• Lighter or fewer periods
  • Rapid or irregular heartbeat
  • Increased appetite
  • Tremors
  • Changes in bowel patterns
  • An enlarged thyroid gland
  • Fatigue, muscle weakness

If you’ve been trying to get pregnant for six months or longer, a home thyroid test can be a smart idea. You’ll have results in two to five days and access to a medical team that can help you understand what they mean.

Your next step would be to see your provider for treatment. For an underactive thyroid, that’s fairly straightforward: “All you need is a once-a-day synthetic thyroid hormone replacement medication to restore adequate levels,” says Dr. Frederick.[2]

Treatment for an overactive thyroid is more involved. “We can suppress its ability to produce hormones, and then treat you with the same synthetic hormone replacement medication to bring you back to optimal levels,” says Dr. Frederick.[2, 2a]

Suppressing an overactive thyroid may involve either taking an anti-thyroid medication for 12 to 18 months or doing radioactive iodine (RAI) therapy, a one-time treatment in capsule form.[7] RAI is a safe and reliable therapy that’s been used for decades, but you will need to delay trying to conceive for six to 12 months afterward.[7a] Both treatments stop the thyroid from making new hormones. The least used treatment is surgery to remove part or most of the thyroid gland. [7,8]

Whether your thyroid is overactive or underactive, you’ll need to take a synthetic hormone for life (it’s safe during pregnancy) and be monitored at least annually. Figuring out the optimum prescription and dosage can take time, so you may not ovulate normally again for several months to a year. But here’s some promising research: In one study, three out of four infertile women conceived within six weeks to one year after treatment for underactive thyroid.[9]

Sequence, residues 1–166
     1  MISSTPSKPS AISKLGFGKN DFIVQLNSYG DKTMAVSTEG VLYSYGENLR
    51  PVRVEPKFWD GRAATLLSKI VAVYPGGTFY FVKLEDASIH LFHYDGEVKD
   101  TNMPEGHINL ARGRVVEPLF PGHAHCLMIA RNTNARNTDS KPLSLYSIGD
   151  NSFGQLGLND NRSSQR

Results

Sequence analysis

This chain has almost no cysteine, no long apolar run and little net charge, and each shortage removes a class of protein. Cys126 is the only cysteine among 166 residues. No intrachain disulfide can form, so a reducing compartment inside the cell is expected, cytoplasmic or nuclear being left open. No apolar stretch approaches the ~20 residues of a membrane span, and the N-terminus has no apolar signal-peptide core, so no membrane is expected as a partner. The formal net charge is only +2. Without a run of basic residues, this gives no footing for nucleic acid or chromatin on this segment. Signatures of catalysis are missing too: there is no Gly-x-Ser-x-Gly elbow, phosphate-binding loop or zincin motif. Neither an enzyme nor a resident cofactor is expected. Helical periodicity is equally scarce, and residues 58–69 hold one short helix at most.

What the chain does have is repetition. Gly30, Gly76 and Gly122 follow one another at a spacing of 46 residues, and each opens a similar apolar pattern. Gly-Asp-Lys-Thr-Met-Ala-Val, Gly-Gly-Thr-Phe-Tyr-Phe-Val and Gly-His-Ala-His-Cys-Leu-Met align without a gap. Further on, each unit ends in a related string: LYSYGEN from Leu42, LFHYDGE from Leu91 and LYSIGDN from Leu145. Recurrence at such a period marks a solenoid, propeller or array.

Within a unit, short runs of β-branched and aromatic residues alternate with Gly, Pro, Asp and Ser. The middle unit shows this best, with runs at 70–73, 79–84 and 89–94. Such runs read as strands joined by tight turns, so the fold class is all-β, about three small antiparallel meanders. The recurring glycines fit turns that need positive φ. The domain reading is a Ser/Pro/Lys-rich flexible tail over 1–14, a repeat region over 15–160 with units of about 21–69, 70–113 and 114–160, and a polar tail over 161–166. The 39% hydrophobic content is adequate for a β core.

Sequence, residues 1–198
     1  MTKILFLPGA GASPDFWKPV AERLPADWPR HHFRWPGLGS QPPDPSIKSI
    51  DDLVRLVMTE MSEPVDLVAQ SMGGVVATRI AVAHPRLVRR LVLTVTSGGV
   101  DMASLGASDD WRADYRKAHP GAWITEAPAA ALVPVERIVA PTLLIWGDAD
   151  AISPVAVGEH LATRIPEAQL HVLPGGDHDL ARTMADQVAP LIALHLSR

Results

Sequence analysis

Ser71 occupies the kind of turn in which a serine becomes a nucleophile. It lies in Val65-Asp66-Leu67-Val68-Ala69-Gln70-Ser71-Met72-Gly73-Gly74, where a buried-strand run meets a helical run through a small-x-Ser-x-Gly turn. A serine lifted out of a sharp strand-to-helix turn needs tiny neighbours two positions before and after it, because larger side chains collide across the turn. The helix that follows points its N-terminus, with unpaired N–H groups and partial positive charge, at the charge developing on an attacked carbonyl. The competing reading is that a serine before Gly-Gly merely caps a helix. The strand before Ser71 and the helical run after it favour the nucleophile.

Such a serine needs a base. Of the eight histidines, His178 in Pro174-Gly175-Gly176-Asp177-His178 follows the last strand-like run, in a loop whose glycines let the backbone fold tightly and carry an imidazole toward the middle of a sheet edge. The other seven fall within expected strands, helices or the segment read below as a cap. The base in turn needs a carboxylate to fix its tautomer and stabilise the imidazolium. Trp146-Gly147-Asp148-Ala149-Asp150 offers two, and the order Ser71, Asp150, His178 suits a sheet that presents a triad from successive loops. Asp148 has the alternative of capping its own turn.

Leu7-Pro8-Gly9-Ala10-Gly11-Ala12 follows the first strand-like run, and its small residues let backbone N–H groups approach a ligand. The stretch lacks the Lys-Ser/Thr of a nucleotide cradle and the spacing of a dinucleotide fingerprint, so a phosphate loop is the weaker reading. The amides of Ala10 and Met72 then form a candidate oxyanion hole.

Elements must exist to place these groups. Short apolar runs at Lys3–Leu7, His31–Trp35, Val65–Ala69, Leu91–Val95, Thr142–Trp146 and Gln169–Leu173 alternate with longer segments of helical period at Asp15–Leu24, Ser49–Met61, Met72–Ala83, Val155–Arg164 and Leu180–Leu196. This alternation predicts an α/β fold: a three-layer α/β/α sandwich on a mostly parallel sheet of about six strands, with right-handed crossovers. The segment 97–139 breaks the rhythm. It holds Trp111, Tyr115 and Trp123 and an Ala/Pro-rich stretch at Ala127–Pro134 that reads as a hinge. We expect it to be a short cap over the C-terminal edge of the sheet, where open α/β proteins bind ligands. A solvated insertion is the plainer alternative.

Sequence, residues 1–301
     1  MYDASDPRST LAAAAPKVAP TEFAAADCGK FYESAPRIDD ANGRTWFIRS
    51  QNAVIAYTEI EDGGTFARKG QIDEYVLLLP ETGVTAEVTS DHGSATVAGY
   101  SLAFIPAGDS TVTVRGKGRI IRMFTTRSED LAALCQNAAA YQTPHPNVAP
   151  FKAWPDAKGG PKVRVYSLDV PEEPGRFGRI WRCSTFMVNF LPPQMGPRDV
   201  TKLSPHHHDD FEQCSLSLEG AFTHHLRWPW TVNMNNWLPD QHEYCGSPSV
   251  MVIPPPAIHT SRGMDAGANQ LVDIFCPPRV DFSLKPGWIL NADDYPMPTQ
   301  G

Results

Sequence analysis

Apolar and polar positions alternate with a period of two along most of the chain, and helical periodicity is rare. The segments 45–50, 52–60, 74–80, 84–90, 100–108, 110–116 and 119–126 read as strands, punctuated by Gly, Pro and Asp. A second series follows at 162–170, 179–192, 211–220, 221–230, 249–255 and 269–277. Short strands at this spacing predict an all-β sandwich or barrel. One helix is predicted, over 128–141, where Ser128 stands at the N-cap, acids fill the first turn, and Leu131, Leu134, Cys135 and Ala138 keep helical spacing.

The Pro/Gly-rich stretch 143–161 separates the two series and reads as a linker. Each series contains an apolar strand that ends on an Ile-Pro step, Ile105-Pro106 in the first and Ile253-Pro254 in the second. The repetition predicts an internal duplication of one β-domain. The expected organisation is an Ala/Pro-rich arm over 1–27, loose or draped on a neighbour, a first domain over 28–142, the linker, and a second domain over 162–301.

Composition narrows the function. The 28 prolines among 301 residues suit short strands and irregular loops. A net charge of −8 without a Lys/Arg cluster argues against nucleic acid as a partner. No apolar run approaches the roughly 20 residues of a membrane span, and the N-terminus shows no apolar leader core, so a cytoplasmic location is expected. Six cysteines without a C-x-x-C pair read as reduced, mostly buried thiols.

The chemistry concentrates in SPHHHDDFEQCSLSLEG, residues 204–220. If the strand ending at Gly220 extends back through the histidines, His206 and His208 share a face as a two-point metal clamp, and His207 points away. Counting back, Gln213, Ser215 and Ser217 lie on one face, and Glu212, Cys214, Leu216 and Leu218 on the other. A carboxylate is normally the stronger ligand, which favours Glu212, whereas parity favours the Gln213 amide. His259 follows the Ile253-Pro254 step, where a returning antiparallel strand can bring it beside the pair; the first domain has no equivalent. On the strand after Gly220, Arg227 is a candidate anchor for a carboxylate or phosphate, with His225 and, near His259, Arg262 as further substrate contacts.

Related article: Are You One of 13 Million Americans With an Undiagnosed Thyroid Condition?

Culprit #2: Polycystic Ovarian Syndrome (PCOS)

This hormonal disorder affects 1 in 10 women of childbearing age in the U.S. and is characterized by larger-than-normal ovaries, often with cysts.[10] Women with PCOS have higher-than-normal levels of male hormones known as androgens (principally androstenedione), which can affect their monthly cycle so they may not ovulate regularly.[10]

Even when they do ovulate, they could be at greater risk of miscarriage. “The eggs are developing normally, but they never get the signal from the brain to release, so it’s all about getting these women to ovulate,” says Dr. Frederick.[2]

“Although PCOS can be diagnosed as early as adolescence, many women don’t even know about it until they try to have a baby,” says Dr. Frederick. Once you know what to look for, however, the symptoms can become obvious. They include:[11]

  • Irregular periods, which may be frequent and heavy, or infrequent and light
  • Excess hair growth on the face, neck, or forearms
  • Male-pattern hair loss at the temples
  • Adult acne
  • Weight gain or difficulty losing weight
  • Darkening of the skin along neck creases, in the groin, and beneath breasts
  • Skin tags in the armpits or neck area

If you’ve noticed one or more of these symptoms and have been trying to conceive for at least six months, consider getting screened for PCOS. A home progesterone test can help you find out if you’re ovulating. You’ll have results in two to five days, and if those results indicate an issue, visit your provider to discuss this and carry out any additional testing for PCOS, as well as possible treatments.